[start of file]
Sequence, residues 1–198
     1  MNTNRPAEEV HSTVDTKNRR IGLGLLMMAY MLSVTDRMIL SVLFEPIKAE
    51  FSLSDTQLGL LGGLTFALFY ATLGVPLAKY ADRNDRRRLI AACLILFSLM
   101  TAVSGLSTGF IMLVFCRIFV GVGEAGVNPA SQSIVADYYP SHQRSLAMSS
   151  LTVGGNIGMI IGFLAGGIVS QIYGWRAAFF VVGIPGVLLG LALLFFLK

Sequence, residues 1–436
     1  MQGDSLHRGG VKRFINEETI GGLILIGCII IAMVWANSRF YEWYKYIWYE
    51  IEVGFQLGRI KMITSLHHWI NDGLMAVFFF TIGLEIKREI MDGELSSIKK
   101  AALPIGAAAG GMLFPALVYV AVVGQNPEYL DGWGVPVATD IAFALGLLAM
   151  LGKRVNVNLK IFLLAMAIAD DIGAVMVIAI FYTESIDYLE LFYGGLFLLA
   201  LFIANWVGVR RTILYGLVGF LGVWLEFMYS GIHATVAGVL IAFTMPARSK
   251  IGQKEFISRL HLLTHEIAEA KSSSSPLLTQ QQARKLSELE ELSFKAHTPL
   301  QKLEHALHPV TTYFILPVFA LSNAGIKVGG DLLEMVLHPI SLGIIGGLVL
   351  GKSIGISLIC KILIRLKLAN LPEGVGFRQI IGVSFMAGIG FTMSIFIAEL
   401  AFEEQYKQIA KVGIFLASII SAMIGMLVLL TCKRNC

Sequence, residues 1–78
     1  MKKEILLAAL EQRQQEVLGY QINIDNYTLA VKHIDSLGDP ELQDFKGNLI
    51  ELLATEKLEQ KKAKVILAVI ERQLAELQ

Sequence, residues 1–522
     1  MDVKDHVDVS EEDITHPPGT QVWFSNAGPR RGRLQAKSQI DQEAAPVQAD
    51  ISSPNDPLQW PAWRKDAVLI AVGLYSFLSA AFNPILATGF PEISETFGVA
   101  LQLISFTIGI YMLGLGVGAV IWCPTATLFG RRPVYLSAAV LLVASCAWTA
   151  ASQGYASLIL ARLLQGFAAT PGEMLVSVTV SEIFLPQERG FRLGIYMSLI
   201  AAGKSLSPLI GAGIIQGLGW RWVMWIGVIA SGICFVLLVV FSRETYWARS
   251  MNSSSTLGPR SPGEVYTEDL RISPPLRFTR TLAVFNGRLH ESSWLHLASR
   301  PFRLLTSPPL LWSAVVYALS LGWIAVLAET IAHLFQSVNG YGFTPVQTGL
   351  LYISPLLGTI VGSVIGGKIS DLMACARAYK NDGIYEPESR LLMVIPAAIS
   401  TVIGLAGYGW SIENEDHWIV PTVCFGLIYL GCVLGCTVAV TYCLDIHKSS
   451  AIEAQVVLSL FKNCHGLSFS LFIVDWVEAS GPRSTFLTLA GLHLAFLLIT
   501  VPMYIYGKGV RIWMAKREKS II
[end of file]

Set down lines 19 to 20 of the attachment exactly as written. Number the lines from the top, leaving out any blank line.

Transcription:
Sequence, residues 1–522
     1  MDVKDHVDVS EEDITHPPGT QVWFSNAGPR RGRLQAKSQI DQEAAPVQAD